In this opening title sequence for Zack Snyder’s 2009 adaptation of Alan Moore and Dave Gibbon’s classic graphic novel, a Bob Dylan song, ‘The Times they are a changin” plays (non-diegetically), this challenges convention somewhat as the song is quite subdued and relaxing, this is quite different than thrillers often are, as generally threatening sounding music would be used to add a sense of dread. Here, however, this song is used to juxtapose with some of the violent images shown here, creating an uneasy feeling as these two styles would not normally be together. Towards the beginning of the sequence, these images are much less violent, but as the sequence progresses they become increasingly violent, reflecting a possible idea that may permeate throughout the film, about how the times are changing (like the song). This change is also reflected by the change in colour tone of the camera, from a warmer, sepia-esque tone to a slightly colder, bluer tone, this new colour tone relates to the the typical thriller iconography, shadows as the cold blue feels closer to shadowy black. The flashes of a camera throughout this sequence reflects how these moments are being frozen in time and can never reclaimed, this, also, teases a typical thriller narrative of being watched.
The opening to the 2006 thriller Children of Men begins with a blank screen for nine seconds, with a further 14 seconds that have some studio and production credits over this blank screen, with a diegetic news report playing. This serves the purpose of disorienting the audience, as they would be expecting to see something on-screen (that is the general convention of film). This develops the common thriller themes of entrapment and isolation as the audience feels trapped and isolated by not being able to see what is going on, despite being able to hear that quite important sounding news is being read. This has a particular impact after the brightly coloured studio logos played just before the film began, since the audience is suddenly trust into shadow. The diegetic news track helps to establish the world that this film is set in, this world is clearly in some turmoil, however the turmoil described by the headlines are only slightly exaggerated versions of many issues being discussed today, conveying how this film may be quite relevant to today’s problems. Perhaps taking a voyeuristic stand point towards them, as suggested by the blankness of the opening. Continue reading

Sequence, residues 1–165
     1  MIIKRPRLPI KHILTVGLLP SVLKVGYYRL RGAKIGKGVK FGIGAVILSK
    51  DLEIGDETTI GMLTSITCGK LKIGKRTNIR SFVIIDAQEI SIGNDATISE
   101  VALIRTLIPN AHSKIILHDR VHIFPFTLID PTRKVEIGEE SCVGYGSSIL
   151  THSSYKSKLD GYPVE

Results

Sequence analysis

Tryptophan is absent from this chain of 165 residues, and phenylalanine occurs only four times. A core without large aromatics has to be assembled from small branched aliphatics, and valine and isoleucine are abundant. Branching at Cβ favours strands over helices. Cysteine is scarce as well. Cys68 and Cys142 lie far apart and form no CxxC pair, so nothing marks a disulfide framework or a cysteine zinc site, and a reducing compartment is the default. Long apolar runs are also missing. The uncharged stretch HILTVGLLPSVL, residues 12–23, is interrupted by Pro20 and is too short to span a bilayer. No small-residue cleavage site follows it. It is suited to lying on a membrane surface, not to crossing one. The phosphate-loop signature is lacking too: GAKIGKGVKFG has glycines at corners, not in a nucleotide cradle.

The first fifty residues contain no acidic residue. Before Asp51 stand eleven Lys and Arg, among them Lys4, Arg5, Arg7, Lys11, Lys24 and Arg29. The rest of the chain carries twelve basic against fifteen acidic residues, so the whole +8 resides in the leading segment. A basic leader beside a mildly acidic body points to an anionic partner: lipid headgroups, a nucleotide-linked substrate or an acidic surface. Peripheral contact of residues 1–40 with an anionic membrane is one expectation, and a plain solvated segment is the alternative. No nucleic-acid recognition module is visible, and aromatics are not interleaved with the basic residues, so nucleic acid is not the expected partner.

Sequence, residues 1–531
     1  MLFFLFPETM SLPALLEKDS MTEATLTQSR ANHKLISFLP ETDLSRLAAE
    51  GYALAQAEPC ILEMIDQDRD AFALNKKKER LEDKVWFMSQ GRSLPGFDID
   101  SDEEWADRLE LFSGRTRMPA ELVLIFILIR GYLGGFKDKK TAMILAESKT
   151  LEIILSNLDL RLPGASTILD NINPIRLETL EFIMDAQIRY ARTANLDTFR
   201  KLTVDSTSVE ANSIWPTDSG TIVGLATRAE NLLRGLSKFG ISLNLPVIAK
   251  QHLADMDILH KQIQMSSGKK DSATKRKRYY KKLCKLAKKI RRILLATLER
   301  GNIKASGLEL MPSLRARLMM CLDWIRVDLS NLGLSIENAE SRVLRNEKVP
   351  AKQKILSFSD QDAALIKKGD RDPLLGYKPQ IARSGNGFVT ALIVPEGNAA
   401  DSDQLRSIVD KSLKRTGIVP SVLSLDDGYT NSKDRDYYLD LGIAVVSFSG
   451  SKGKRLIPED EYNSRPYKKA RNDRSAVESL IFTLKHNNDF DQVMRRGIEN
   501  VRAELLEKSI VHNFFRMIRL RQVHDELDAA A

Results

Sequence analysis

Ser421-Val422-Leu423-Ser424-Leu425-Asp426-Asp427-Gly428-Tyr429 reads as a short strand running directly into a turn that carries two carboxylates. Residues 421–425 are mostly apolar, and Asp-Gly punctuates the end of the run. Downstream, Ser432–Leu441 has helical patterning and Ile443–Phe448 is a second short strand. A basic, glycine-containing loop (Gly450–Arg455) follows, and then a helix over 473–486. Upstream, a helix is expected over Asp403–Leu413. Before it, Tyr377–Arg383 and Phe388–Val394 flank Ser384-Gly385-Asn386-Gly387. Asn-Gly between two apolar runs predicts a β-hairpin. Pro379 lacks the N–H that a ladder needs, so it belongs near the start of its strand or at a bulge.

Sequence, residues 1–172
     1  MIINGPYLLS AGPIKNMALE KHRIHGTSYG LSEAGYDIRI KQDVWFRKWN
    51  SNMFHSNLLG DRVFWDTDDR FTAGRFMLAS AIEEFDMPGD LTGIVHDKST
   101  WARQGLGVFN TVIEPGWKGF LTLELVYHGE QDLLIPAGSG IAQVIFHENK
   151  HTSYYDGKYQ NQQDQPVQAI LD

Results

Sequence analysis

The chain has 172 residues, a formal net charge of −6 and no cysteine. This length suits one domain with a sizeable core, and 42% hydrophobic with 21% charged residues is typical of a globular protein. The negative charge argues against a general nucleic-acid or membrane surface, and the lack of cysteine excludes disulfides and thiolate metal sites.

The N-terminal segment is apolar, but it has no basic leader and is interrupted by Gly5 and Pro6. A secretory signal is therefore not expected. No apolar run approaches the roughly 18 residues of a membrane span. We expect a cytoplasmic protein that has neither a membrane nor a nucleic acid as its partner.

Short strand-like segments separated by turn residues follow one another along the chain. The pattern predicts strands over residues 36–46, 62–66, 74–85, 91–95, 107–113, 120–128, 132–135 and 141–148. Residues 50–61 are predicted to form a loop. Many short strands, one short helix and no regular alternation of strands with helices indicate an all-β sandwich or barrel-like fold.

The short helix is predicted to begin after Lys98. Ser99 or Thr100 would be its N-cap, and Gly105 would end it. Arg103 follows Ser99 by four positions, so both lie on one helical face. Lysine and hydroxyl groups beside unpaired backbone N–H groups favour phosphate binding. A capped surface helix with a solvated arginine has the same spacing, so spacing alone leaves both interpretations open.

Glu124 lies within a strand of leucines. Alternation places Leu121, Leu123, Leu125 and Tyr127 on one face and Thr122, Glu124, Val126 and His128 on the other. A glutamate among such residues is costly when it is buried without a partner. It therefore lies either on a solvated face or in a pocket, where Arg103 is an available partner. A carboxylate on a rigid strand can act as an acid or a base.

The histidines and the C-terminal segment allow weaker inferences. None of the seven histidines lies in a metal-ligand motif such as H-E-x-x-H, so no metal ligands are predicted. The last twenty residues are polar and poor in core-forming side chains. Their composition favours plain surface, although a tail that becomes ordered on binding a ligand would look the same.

John Wick is a 2014 action thriller starring Keanu ReevesThis poster is blue, suggesting that Keanu’s character is calm, despite how he is holding a gun, a dangerous weapon, furthermore Reeves’ face is blurred, suggesting that he is removed from the situation that involves the gun that he is holding. The blue blurring, as well as the circles in the background, breaking thriller poster conventions as normally posters would use stronger colours that imply danger and intensity, such as red (intensity in this poster is instead provided using direct address — the character looking directly at the audience). The barrel replacing the ‘O’ in his name imply that he has a personal stake in the situation that involves him pointing the gun, and that the violence and death that can be dealt using a gun are a part of him. Continue reading
Children of Men is a 2006 Sc-Fi Thriller directed by Alfonso Cuarón and 93% of critics like it
This poster is black, which draws attention to the white surrounding the foetus. The foetus appears to be an enigma, it is a singular light source in a pitch black setting, however it is isolated (a typical thriller theme), conveying how, in the film, there is no visible hope of new life, the only possibility of hope is hidden in the darkness. However the foetus itself is not the virtuous white, it is a kind of peach colour, displaying how this hope may not solve all of the problems, as the text on the poster says, ‘all that can change/in a Heartbeat’. Note that it’s only ‘can,’ not ‘will,’ this is not a definitive way out of the problems (chiefly that of not being able to procreate) that the society in the film are facing. Continue reading